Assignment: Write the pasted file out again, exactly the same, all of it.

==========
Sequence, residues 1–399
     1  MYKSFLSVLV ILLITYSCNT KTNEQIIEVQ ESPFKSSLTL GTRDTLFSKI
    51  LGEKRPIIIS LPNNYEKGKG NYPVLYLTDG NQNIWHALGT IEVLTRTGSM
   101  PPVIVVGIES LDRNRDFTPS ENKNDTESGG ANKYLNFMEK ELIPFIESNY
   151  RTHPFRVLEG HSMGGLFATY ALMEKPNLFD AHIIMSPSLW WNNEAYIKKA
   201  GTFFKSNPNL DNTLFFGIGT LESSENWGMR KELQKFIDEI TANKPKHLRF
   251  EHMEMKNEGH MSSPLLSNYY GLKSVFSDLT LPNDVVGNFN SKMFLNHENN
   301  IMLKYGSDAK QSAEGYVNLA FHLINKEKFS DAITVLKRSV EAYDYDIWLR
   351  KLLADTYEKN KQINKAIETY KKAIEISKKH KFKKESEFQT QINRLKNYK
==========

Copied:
Sequence, residues 1–399
     1  MYKSFLSVLV ILLITYSCNT KTNEQIIEVQ ESPFKSSLTL GTRDTLFSKI
    51  LGEKRPIIIS LPNNYEKGKG NYPVLYLTDG NQNIWHALGT IEVLTRTGSM
   101  PPVIVVGIES LDRNRDFTPS ENKNDTESGG ANKYLNFMEK ELIPFIESNY
   151  RTHPFRVLEG HSMGGLFATY ALMEKPNLFD AHIIMSPSLW WNNEAYIKKA
   201  GTFFKSNPNL DNTLFFGIGT LESSENWGMR KELQKFIDEI TANKPKHLRF
   251  EHMEMKNEGH MSSPLLSNYY GLKSVFSDLT LPNDVVGNFN SKMFLNHENN
   301  IMLKYGSDAK QSAEGYVNLA FHLINKEKFS DAITVLKRSV EAYDYDIWLR
   351  KLLADTYEKN KQINKAIETY KKAIEISKKH KFKKESEFQT QINRLKNYK